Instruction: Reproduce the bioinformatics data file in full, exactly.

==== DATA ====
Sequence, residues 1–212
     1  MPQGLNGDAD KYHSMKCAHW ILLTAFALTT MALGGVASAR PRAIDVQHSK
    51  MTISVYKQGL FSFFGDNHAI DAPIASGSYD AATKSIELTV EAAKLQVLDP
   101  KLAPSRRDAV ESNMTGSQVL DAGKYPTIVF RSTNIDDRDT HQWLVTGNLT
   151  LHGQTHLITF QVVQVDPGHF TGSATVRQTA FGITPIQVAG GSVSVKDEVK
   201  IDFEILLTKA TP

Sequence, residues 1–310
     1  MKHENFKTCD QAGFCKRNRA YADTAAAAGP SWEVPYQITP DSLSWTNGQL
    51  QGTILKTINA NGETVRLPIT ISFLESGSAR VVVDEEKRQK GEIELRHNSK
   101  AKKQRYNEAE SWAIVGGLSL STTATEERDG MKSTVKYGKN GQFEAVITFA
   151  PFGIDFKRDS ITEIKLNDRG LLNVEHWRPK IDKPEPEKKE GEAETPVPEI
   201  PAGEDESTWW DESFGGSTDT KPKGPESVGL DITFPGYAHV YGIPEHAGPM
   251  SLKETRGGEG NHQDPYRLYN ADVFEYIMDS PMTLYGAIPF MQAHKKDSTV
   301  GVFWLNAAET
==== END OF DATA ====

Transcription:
Sequence, residues 1–212
     1  MPQGLNGDAD KYHSMKCAHW ILLTAFALTT MALGGVASAR PRAIDVQHSK
    51  MTISVYKQGL FSFFGDNHAI DAPIASGSYD AATKSIELTV EAAKLQVLDP
   101  KLAPSRRDAV ESNMTGSQVL DAGKYPTIVF RSTNIDDRDT HQWLVTGNLT
   151  LHGQTHLITF QVVQVDPGHF TGSATVRQTA FGITPIQVAG GSVSVKDEVK
   201  IDFEILLTKA TP

Sequence, residues 1–310
     1  MKHENFKTCD QAGFCKRNRA YADTAAAAGP SWEVPYQITP DSLSWTNGQL
    51  QGTILKTINA NGETVRLPIT ISFLESGSAR VVVDEEKRQK GEIELRHNSK
   101  AKKQRYNEAE SWAIVGGLSL STTATEERDG MKSTVKYGKN GQFEAVITFA
   151  PFGIDFKRDS ITEIKLNDRG LLNVEHWRPK IDKPEPEKKE GEAETPVPEI
   201  PAGEDESTWW DESFGGSTDT KPKGPESVGL DITFPGYAHV YGIPEHAGPM
   251  SLKETRGGEG NHQDPYRLYN ADVFEYIMDS PMTLYGAIPF MQAHKKDSTV
   301  GVFWLNAAET